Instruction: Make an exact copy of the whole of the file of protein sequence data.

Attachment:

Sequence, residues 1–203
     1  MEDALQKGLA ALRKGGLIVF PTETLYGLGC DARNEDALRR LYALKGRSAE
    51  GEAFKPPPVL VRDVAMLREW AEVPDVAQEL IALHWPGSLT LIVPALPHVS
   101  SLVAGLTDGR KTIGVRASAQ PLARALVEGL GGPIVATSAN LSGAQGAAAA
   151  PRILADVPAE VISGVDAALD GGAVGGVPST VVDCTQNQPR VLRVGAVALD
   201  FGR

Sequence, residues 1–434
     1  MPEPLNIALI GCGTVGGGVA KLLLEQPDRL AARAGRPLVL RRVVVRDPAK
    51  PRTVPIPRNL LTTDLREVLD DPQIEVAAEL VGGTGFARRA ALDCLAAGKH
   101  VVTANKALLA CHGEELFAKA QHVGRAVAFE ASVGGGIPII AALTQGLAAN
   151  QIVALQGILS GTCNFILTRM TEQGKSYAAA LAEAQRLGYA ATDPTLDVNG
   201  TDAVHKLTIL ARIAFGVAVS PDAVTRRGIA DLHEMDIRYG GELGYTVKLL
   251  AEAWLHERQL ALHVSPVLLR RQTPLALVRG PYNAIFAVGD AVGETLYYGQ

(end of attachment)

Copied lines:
Sequence, residues 1–203
     1  MEDALQKGLA ALRKGGLIVF PTETLYGLGC DARNEDALRR LYALKGRSAE
    51  GEAFKPPPVL VRDVAMLREW AEVPDVAQEL IALHWPGSLT LIVPALPHVS
   101  SLVAGLTDGR KTIGVRASAQ PLARALVEGL GGPIVATSAN LSGAQGAAAA
   151  PRILADVPAE VISGVDAALD GGAVGGVPST VVDCTQNQPR VLRVGAVALD
   201  FGR

Sequence, residues 1–434
     1  MPEPLNIALI GCGTVGGGVA KLLLEQPDRL AARAGRPLVL RRVVVRDPAK
    51  PRTVPIPRNL LTTDLREVLD DPQIEVAAEL VGGTGFARRA ALDCLAAGKH
   101  VVTANKALLA CHGEELFAKA QHVGRAVAFE ASVGGGIPII AALTQGLAAN
   151  QIVALQGILS GTCNFILTRM TEQGKSYAAA LAEAQRLGYA ATDPTLDVNG
   201  TDAVHKLTIL ARIAFGVAVS PDAVTRRGIA DLHEMDIRYG GELGYTVKLL
   251  AEAWLHERQL ALHVSPVLLR RQTPLALVRG PYNAIFAVGD AVGETLYYGQ